Muscle Up With The Ultimate Collection of 1971 Ford Mustangs
These raging retro horses are a pony car fiend’s dream come true.
Sometimes it seems as if the muse kisses car designers and they pluck wildly-inspired creations from the automotive ether. That seemed to be the case with the first Ford Mustang in 1964.
Other times, they just steal someone else’s design. That seemed to be the case with the ’71 Mustang. It’s pretty much a clone of the amazing 1969-’70 Shelby GT350 and GT500, so it was a case of, “If you’re gonna steal, steal from the very best.”
The ’71 Mustang and the rest of its ’71-’73 generation haven’t been as hot with collectors as the earlier muscle cars. But if you look at it as an opportunity for a bargain Shelby, suddenly the ’71 becomes irresistible.
Collector Kirt Fryer seemingly has become bored with his unique sextet of Ford’s ponies, so they are headed to auction at Mecum’s Indiana State Fairgrounds sale in the build-up to the Indy 500. All but one of them are fastbacks, four of them are powered by 429 big-block V8s and four of them have four-speed manual transmissions.
This scarlet Mach 1 stunner is in unrestored and unmodified condition, so much so that even its archaic emissions control hardware is intact, which is unheard of for a performance car of this era. It is a 375-hp Drag Pack Super Cobra Jet 429, meant for the drag strip, with a close-ratio 4-speed transmission and 4.11 Detroit Locker locking differential.
It also boasts the Mach 1’s signature blacked-out hood and side stripes to go with goodies like the Magnum 500 styled steel wheels and center console.
This Grabber Blue Boss 351 Mustang has 17,000 original miles on its 330-hp 351 small block, wide-ratio four-speed transmission and 3.91 Traction-Lok differential. It has been thoroughly restored to as-new condition.
The Grabber Green Mach I Mustang has a 375-hp 429 Super Cobra Jet engine, three-speed automatic transmission and 4.11 Detroit Locker locking differential. This one was equipped as a luxury car, with a tachometer, power windows and an 8-track tape player built into its AM radio.
Then there’s this beautiful Grabber Blue Mach I, fitted with the 375-hp 429 Super Cobra Jet, Drag Pack, and a close-ratio four-speed transmission and 4.11 differential. It is an older restoration from about ten years ago, but the engine bay is freshly detailed.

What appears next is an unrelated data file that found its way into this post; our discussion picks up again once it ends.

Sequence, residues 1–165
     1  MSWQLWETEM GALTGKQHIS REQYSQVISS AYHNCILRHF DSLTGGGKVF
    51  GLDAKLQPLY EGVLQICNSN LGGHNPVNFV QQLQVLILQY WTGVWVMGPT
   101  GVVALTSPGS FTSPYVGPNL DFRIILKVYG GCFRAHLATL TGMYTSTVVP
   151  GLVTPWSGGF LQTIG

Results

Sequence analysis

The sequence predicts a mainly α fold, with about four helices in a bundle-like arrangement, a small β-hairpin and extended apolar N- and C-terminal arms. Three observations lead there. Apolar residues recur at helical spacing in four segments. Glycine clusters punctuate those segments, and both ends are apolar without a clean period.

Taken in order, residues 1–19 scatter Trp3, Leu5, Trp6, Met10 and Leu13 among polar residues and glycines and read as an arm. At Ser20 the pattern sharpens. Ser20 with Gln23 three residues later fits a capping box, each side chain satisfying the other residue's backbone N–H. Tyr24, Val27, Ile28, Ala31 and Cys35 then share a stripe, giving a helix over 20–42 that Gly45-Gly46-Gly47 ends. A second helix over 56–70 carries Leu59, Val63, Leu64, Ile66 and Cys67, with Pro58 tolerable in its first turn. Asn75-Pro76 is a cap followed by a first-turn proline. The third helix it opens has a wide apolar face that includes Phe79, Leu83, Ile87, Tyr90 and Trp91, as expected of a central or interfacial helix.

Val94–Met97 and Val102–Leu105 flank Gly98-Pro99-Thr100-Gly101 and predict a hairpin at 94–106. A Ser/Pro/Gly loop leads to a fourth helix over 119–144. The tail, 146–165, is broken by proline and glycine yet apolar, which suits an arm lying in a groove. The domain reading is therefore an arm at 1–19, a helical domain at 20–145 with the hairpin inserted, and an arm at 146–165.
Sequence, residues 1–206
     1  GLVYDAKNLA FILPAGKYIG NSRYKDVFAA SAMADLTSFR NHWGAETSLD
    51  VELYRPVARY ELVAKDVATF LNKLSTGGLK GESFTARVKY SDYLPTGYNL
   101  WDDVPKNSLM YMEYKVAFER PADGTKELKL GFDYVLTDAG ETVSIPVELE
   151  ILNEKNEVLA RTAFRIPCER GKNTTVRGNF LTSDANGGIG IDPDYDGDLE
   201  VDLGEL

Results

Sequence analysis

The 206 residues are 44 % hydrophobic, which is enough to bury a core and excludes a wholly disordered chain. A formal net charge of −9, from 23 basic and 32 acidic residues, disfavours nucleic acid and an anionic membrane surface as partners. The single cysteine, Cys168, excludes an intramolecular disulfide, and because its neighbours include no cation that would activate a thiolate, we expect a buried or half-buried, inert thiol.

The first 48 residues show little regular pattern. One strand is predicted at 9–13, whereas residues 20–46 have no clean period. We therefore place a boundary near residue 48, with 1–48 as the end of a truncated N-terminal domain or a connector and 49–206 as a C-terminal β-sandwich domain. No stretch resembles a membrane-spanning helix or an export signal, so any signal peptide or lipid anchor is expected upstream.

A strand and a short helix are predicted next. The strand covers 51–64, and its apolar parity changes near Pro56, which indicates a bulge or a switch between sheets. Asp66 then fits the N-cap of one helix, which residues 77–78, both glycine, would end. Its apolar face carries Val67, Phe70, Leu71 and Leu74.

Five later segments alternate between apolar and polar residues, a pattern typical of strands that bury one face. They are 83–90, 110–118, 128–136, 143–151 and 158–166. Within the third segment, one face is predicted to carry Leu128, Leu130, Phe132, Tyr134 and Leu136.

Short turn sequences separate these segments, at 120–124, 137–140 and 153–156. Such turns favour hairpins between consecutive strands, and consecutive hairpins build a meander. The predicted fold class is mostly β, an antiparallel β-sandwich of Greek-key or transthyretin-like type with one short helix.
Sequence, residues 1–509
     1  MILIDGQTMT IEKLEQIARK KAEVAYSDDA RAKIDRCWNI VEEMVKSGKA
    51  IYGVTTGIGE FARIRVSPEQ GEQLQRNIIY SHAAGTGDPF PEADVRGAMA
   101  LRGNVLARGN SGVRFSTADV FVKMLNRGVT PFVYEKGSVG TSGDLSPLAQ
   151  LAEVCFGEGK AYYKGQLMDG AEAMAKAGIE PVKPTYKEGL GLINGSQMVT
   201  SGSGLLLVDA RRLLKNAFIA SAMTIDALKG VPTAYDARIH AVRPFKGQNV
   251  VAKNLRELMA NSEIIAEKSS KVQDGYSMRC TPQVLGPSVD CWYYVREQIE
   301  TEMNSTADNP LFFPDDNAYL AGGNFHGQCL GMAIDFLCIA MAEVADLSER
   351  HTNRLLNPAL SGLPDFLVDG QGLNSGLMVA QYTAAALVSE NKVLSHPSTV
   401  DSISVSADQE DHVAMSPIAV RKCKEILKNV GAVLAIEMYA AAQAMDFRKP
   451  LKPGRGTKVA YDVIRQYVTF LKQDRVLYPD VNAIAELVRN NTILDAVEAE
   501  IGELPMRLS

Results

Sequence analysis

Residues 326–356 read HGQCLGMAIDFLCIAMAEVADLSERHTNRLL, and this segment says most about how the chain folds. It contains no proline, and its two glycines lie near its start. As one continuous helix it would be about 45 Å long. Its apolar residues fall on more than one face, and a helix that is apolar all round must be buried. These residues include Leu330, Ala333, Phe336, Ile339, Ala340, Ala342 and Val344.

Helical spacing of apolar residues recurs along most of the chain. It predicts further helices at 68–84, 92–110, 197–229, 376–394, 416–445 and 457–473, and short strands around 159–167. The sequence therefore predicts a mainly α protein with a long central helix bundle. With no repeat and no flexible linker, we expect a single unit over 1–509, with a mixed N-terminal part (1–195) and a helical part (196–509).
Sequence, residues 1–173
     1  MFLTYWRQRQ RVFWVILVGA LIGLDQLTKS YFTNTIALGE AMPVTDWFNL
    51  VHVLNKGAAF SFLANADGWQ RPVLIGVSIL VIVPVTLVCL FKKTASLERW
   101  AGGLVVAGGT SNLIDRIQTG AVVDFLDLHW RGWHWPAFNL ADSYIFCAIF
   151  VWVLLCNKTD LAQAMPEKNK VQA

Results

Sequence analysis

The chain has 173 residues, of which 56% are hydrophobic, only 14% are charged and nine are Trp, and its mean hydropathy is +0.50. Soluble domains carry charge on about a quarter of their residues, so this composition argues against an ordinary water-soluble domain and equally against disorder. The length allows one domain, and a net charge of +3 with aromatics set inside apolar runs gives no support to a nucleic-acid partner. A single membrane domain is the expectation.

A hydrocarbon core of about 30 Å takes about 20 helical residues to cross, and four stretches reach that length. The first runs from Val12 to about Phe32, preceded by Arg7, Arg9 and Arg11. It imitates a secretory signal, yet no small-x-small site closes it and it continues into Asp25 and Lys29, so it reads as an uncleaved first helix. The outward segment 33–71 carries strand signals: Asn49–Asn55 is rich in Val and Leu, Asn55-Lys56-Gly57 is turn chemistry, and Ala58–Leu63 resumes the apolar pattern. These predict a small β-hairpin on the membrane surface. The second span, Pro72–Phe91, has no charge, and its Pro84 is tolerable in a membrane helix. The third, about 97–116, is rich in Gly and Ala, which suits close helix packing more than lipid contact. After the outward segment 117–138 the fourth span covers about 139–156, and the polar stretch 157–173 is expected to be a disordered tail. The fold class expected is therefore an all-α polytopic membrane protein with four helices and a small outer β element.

The Grabber Lime Boss 351 has the 330-hp 351, wide-ratio four-speed and 3.91 Traction-Lok differential.
It also enjoys a groovy green stripe cloth and Corinthian vinyl interior. In those days of “color-keyed” cockpits, that didn’t just mean green seats. Nope, you got green carpet, dash pad, door panels and other emerald-hued interiors, too.
In addition to these gaudy special edition Mach Is and Boss 302s, Mr. Fryer apparently also had an appreciation for subtlety, because the collection is completed with an unremarkable-looking Pastel Blue coupe (the others are all the sportier-looking fastback body), complete with a wimpy-looking white vinyl top and white vinyl interior.
There are no macho stripes and no Magnum 500 styled wheels. But under the hood lurks a massive 429 big block engine, ready to annihilate unwary challengers in stoplight drag races. This car lacks the ram air intake, so its engine makes only 370 hp, and the sedate 3.25 differential isn’t as suited to racing, but it will save you some pennies at the pump.
So there it is: your opportunity to own an entire collection of badass ’71 Mustangs. Hagerty classic car insurance says these Mustangs are worth between about $60,000 and $75,000, putting them at about half the price of a similar Shelby GT500. So what are you waiting for?